Are Dental Health and Heart Disease Directly Linked? |

Improve Dental & Heart Health on Your Lunch Break

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Researchers say they’ve found correlations between dental and heart health, among other conditions. Can brushing on your lunch break keep your oral hygiene in check?
This article was originally written by co-founder and author Ellen Hosafros in 2020. Below is an adaptation, including new research.

There are interesting studies on oral health’s role in disease prevention. At first blush, avoiding gum disease has more impact than mitigating the ick factor. But is there a link between dental health and heart disease?

Several sources declare that gum disease is associated with an increased risk of developing heart disease. One study by the American Heart Association (AHA) investigated a correlation between inadequate toothbrushing and cardiovascular disease, specifically, are poor brushing habits associated with risk of having a heart attack, heart failure or stroke? The study’s data seemed to put some teeth into the theory that oral health is a factor in cardiovascular health. Study participants who reported brushing less than twice a day (and for fewer than two minutes each session) had a three-fold increased risk of a heart attack or stroke compared to those who brushed at least two minutes, twice a day.

Harvard Medical School also presented these theories:

  1. The bacteria that cause gum inflammation (also known as gingivitis) and severe periodontitis can travel to blood vessels elsewhere in the body, triggering inflammation and damage, which may lead to blood clots, heart attack or stroke.
  2. It’s the body’s actual immune response to the bacteria (inflammation) that can cause vascular damage elsewhere in the body, including in the heart and brain.

The gum disease known as periodontitis was cited as one of many conditions that can cause ongoing inflammation in the body. In a report published in the AHA journal Hypertension, scientists said gum disease appeared to increase blood pressure and interfere with medications to treat it. While the researchers reported no direct connection between gum disease and cardiovascular disease, they postulated that the conditions may occur together if a third risk factor (such as smoking) is also present.

According to the Mayo Clinic, the American Heart Association reviewed available scientific evidence and concluded that poor oral health has not yet been proven to cause heart disease. Thomas J. Salinas, D.D.S. stated, “While taking good care of your teeth and gums isn’t a proven way to prevent heart disease, removing oral bacteria through regular brushing, flossing and oral checkups is an investment in your overall health.”

The Cleveland Clinic updated a pre-2021 article (that neither supported, nor refuted, a link between periodontal disease and cardiovascular disease), with this statement by periodontist Dr. Sasha Ross in October 2022, “Keep in mind that even though cardiovascular disease and periodontal disease are associated with each other, there’s so far no evidence that one causes the other.”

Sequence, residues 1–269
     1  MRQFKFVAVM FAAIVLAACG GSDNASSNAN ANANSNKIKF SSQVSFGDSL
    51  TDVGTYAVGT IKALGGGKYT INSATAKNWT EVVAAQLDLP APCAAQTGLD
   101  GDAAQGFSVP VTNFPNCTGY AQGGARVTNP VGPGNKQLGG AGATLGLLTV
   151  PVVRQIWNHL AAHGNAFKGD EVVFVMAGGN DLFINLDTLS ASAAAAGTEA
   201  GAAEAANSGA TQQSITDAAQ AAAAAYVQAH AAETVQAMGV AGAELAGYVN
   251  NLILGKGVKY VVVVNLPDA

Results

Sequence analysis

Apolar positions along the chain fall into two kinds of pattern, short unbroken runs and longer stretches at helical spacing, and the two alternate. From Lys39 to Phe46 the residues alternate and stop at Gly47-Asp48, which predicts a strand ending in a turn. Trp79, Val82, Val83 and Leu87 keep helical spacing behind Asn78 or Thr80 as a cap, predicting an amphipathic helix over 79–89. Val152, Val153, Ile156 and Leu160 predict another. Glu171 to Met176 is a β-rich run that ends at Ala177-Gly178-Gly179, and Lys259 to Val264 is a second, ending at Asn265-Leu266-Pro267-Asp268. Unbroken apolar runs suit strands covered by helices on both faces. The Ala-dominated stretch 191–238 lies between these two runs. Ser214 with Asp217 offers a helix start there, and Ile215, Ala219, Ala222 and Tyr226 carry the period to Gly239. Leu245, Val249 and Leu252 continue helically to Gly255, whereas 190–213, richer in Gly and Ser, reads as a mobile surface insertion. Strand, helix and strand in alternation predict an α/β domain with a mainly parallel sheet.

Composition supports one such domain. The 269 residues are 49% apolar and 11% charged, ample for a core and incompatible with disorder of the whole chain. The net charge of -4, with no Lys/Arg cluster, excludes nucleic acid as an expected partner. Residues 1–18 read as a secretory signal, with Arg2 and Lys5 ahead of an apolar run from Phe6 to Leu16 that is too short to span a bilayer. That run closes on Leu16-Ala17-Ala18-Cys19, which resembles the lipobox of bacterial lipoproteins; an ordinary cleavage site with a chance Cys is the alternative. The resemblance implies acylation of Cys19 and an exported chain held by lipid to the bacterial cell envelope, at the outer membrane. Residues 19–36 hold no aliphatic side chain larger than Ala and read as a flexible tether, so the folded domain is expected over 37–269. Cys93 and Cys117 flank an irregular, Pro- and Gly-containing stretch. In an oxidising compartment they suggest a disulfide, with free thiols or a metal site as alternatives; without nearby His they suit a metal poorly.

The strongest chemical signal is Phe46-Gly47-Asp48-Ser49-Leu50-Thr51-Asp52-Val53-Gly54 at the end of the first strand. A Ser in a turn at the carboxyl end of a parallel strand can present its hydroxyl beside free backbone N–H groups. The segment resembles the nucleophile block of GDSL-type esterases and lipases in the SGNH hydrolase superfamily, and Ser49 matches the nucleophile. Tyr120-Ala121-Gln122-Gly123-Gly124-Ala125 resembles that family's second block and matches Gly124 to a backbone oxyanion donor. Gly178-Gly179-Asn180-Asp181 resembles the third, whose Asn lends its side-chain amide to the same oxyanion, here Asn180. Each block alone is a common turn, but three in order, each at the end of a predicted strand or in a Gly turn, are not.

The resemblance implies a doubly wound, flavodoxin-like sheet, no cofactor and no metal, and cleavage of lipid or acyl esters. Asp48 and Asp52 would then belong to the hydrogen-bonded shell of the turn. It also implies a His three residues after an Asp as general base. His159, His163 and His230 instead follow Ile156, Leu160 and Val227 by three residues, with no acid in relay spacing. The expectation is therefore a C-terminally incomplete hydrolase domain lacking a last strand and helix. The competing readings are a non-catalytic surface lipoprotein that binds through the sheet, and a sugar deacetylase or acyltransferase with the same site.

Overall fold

Even though the link between oral health and heart health appears less than definitive, it’s still important to take care of teeth, gums…and yes, the cardiovascular system. The Centers for Disease Control and Prevention (CDC) says:

The three oral conditions that most affect overall health and quality of life are cavities, severe gum disease and severe tooth loss.

By age 8, 52% of kids have had a cavity in their baby teeth.

Low-income children are twice as likely to have cavities as higher-income children.

One in four adults aged 20 to 64 currently have cavities.

The CDC recommends:

  • Brushing twice a day, preferably with a fluoride toothpaste
  • Cleaning between teeth daily with floss or interdental cleaner
  • Visiting the dentist regularly for professional cleanings and oral examination
  • Checking with a dentist about using supplemental fluoride
  • Checking with a dentist about dental sealants, a plastic protective coating that’s applied to the chewing surfaces of the back teeth to protect them from decay

As for heart disease, what are the known risks?

Several health conditions, as well as lifestyle, age and family history can increase the risk for heart disease. While you can’t change your blood relatives or your age, 47% of Americans have at least one of three key risk factors for heart disease that can be controlled: high blood pressure, high cholesterol and smoking. Additionally, stroke and heart attack are threatening younger adults.

If you have risk factors and are concerned about heart disease, ask your doctor about proven ways to reduce the threats to your health, such as stopping smoking, exercising regularly and maintaining a healthy weight.

While there seems to be a link between dental health and other health conditions, the causation is not completely clear; experts say it’s important to take care of both. Grab that toothbrush and do your lunchtime tooth check.

Social Deputy. Volunteer.
Promoter of all things just. Child advocate. Award winner. Dina co-founded and has educated audiences for 20+ years through live/online events and print/digital communications. A licensed real estate agent in NJ and retired foster parent, she supports clean, farm-fresh eating and holistic therapies. Dina’s team is responsible for constructive educational events and effective digital & print communications in her role as Director of Marketing at Corporate Synergies, a national employee benefits specialist (and sponsor of this blog). She also leads the company’s CARES Committee of volunteers who support their local communities and fellow co-workers.

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